Global – On-going labour disruption at South African mines and an expected surge in demand as a result of a recovering European economy are likely to bring about a fall in the significant global stocks of platinum as well as a boost in prices, the Financial Times has reported. ‘We are now getting near the stage where production losses from the strikes could start lifting the price,’ analysts at Barclays have stated.
At the start of the year, the platinum price climbed some 5% to average US$ 1423 an ounce owing to a weaker US dollar and improved sentiment surrounding precious metals in general, Barclays argues. Should the strikes in South Africa not end soon, it contends, further increases will follow.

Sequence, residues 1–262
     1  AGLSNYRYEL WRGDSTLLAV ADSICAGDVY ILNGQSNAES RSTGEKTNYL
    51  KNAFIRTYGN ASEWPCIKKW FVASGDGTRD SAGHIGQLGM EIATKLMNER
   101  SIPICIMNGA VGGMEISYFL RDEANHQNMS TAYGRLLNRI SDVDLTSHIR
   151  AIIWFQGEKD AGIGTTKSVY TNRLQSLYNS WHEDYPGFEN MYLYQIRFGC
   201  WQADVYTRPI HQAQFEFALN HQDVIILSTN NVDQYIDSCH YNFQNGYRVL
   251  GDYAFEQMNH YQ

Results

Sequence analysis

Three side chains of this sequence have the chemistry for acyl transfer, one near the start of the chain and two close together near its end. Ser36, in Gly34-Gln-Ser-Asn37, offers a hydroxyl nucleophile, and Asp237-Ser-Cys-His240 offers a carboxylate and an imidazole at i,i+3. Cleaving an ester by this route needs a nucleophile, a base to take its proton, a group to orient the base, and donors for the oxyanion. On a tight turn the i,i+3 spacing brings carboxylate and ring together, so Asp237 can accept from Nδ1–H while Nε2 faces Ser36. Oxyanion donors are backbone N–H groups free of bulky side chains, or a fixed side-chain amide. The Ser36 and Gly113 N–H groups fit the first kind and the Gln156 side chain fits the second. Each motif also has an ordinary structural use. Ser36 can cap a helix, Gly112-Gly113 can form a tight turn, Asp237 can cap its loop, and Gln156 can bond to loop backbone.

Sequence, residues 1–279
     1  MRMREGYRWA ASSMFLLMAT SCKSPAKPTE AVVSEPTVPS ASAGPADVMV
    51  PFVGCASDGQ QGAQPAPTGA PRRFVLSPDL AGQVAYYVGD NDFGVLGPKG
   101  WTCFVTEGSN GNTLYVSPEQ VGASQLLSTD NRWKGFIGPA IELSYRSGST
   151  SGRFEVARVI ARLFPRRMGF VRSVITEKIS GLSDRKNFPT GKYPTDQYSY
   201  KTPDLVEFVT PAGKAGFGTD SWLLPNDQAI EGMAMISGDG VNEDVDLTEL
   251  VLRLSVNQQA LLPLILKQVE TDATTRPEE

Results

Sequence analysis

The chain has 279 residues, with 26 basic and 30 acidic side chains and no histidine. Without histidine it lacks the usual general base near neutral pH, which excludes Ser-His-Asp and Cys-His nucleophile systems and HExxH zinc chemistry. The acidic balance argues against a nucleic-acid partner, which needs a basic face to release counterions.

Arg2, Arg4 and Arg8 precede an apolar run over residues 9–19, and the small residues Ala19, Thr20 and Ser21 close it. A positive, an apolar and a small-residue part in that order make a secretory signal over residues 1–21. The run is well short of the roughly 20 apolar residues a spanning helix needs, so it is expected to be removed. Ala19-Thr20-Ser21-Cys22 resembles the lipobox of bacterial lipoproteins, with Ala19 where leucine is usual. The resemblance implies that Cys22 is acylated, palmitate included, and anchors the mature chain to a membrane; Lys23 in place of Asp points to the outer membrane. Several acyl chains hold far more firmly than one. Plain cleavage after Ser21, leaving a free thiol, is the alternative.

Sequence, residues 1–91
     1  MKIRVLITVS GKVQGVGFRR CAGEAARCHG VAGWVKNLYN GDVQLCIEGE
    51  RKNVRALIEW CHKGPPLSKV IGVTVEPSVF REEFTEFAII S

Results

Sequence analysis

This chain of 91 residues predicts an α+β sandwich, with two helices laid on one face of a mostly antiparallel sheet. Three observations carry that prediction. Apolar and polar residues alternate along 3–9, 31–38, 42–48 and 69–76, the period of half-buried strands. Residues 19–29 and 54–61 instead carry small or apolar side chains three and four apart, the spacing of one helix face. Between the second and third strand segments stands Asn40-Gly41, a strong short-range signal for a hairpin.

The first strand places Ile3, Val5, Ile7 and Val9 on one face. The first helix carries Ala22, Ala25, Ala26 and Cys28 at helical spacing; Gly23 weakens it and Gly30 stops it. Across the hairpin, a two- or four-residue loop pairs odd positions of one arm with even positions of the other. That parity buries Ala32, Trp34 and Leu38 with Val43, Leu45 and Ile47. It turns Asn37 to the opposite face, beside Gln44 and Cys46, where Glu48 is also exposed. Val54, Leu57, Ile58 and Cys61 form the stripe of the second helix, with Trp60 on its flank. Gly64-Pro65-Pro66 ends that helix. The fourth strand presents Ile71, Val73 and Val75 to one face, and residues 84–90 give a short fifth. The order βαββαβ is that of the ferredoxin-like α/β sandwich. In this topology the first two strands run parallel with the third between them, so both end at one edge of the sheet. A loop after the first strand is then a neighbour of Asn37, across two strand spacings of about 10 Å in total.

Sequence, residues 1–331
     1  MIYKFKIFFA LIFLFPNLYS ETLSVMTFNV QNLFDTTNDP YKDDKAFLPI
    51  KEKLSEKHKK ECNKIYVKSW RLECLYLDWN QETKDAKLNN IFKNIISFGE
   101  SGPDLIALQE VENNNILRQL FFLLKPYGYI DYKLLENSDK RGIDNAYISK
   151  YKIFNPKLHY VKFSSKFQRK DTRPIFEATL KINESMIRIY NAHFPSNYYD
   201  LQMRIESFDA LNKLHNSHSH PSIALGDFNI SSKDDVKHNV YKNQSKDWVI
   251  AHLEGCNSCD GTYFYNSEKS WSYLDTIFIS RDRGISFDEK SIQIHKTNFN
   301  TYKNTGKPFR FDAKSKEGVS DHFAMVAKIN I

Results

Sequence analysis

The analysts add that the platinum price is still 35% below its all-time high of 2008, not least because Europe′s automotive industry has experienced its most severe drop in sales for 20 years. ′No explosion in new car sales is anticipated any time soon as the European economies cautiously exit the recession,′ observes US autocatalyst recycler A-1 Specialized Services and Supplies.
European car manufacturers are anticipating 2% growth in 2014. Meanwhile, ′global vehicle sales reached 82.8 million units in 2013, with a figure of 85 million deemed possible for this year,′ says A-1.
A feature detailing A-1 Specialized Services and Supplies′ latest platinum group metal forecasts will be published in the March issue of Recycling International.
For more information, visit: www.group.barclays.co.uk
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